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Labor Board Facing Possible Shutdown Over Union-Rule Dispute
Members of the National Labor Relations Board are on a collision course ahead of a meeting Wednesday, as the panel's lone Republican member threatens to resign -- a move that would effectively shut down the board and prevent an impending vote on union organizing. The Republican member, Brian Hayes, is concerned about the vote on changes meant to speed up and simplify union elections. Hayes for weeks has threatened to resign over the vote, according to the Democratic chairman of the board. If the board were at full membership, this might not be a problem. But the NLRB, which is supposed to have five members, currently has only three. Hayes' resignation would deprive the board of a quorum and in turn disallow it from issuing regulations and rulings. Even without Hayes' resignation, the board already is careening toward that scenario, with Democratic member Craig Becker's recess appointment set to expire at the end of the year without action by Congress. The standoff has resulted in a rapid-fire exchange of accusations over the past several weeks. The NLRB is much-loathed by Republicans, who see it as a vehicle for passing pro-union decisions favored by the Obama administration. The independent federal agency is meant to look after and protect the rights of workers to improve their working conditions Democrats are concerned the entire operation of the NLRB will get caught up in this feud. Hayes, who has the backing of Republicans in Congress, claims his Democratic colleagues are not giving him enough time to prepare his response on the union-elections proposal. He alleges they initially kept him in the dark about the elections proposal, before offering a "take-it-or-leave-it" deal. Hayes also claims the board is bent on violating the practice of requiring three 'yes' votes to overrule precedent. "I have substantial doubts about the legal viability of my colleagues' proposed course of action," Hayes wrote in a Nov. 18 letter to Rep. John Kline, R-Minn., chairman of the House Education and the Workforce Committee. But Democrats and union officials suggest Hayes is being pressured to step down in order to hamstring the board -- which is a favorite bogeyman among conservatives, particularly in light of an attempt by a board attorney to stop Boeing from opening a production line at a non-union site in South Carolina. South Carolina Gov. Nikki Haley and others earlier had suggested Hayes resign. Rep. George Miller, D-Calif., Kline's Democratic counterpart on the education and workforce committee, last week wrote a letter to Hayes suggesting any move to step down "will be the result of objectionable motives or improper influence." He asked Hayes to provide documents detailing any communication he had with people outside the board about his possible resignation. "The open calls to resign, followed by the threats you allegedly have made, raise the specter of private requests as well," Miller wrote, describing the situation as "troubling." "Threatening to shut down the board itself if fellow members make policy choices with which you disagree is, to my knowledge, unprecedented behavior from a member of the board," he wrote. Asked about the upcoming meeting, a spokesman for Miller said "nobody knows" whether Hayes might follow through on his threats. NLRB spokeswoman Nancy Cleeland also said the rest of the board is not sure what will happen, though the meeting and vote are still scheduled for Wednesday. "We're not speculating on what might happen," she told FoxNews.com. Meanwhile, board Chairman Mark Pearce has rejected Hayes' claims about the proposed rule on union elections. In a Nov. 21 letter to Hayes, Pearce wrote that Hayes had been "fully informed about and invited to participate in" the process. Further, he alleged that Hayes and his staff did not even inquire about the comment-review process until mid-November, a process that entailed sifting through more than 65,000 comments on the proposal. Plus Pearce claimed Hayes had declined to attend recent meetings. "In short, you have not in any way been excluded from the process of deliberation concerning the proposed rules. Rather, you have refused to assist with that process in any respect and refused to engage in the normal give-and-take of deliberation of a multi-member board," Pearce wrote. As for Hayes' claim that the vote would require three members, Pearce said that standard does not apply here. He urged Hayes to stay on with the board, and on Tuesday afternoon unveiled what he described as a "limited" proposal on union elections. Hayes did not return a request for comment Tuesday from FoxNews.com. Meanwhile, Kline is pushing a bill in Congress that would effectively nullify any attempt by the NLRB to shorten the election process. That bill is expected to hit the House floor Wednesday. Kline spokesman Brian Newell said the original NLRB proposal could allow aspiring union leaders to hold an election in as few as 10 days, whereas the typical union election now takes more than 30 days to set up. Read more: http://www.foxnews.com/politics/2011/11/29/labor-board-facing-possible-shutdown-over-union-rule-dispute/#ixzz1f8a9txdB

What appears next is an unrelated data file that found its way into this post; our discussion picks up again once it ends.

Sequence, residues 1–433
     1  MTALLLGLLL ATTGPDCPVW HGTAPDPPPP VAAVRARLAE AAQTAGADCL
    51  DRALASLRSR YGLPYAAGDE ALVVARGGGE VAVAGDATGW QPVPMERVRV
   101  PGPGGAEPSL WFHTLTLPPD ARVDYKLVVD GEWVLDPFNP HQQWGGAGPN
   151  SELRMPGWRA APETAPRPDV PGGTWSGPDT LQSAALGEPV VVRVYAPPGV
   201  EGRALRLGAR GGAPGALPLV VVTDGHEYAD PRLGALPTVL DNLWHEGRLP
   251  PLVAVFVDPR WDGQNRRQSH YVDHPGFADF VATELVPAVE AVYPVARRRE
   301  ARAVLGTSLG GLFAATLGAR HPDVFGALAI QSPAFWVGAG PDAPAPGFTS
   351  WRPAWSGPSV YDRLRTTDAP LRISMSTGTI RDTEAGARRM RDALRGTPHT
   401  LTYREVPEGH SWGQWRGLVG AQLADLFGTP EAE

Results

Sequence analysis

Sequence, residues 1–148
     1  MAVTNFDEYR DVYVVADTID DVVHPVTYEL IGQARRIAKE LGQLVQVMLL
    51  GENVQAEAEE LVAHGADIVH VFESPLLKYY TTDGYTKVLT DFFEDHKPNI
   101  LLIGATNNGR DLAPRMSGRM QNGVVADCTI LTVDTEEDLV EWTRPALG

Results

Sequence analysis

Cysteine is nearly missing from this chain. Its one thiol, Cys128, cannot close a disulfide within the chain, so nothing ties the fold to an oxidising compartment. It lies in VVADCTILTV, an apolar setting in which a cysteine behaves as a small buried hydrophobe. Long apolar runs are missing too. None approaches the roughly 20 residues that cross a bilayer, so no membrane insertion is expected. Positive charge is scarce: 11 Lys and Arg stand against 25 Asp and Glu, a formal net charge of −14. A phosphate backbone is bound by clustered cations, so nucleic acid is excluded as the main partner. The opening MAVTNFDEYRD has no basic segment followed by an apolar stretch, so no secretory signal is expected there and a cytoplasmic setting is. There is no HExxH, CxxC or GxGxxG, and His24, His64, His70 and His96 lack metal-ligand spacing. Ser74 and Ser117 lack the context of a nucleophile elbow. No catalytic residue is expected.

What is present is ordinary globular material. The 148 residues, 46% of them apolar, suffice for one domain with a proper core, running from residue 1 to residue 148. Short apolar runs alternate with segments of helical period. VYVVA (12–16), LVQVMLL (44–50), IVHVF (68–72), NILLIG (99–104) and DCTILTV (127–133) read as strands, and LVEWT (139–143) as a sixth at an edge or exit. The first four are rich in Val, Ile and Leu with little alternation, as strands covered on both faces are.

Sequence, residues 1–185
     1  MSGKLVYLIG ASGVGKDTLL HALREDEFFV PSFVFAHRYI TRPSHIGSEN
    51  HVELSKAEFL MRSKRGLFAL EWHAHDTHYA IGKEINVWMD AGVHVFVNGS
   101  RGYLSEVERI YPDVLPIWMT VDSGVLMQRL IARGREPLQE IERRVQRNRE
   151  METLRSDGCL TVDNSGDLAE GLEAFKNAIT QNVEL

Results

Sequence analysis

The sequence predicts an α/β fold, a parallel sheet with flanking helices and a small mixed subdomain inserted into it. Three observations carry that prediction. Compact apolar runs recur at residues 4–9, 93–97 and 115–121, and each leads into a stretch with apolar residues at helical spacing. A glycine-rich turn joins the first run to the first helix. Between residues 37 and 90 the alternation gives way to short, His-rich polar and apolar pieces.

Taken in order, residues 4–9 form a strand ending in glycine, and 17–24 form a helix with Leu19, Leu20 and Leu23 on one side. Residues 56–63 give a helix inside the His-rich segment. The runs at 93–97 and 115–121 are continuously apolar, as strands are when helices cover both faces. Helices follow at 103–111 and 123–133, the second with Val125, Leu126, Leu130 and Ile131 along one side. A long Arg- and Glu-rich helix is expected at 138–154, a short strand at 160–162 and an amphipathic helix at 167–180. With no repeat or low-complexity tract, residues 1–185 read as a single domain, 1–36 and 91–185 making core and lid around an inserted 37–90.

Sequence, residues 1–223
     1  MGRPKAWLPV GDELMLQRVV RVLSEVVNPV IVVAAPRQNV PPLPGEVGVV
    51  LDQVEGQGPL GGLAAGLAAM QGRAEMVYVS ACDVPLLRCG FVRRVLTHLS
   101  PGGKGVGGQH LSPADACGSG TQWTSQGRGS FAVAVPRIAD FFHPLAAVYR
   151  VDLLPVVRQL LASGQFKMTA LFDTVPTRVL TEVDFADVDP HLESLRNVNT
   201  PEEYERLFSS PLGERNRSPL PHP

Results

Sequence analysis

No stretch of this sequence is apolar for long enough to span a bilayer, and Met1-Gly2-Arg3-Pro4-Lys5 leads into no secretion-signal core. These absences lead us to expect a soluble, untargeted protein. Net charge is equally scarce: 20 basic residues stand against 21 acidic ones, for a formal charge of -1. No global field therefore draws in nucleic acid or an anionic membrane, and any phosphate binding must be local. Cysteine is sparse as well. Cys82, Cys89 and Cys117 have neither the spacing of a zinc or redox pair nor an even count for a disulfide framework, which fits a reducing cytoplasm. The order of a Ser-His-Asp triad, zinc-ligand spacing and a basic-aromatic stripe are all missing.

November 29, 2011

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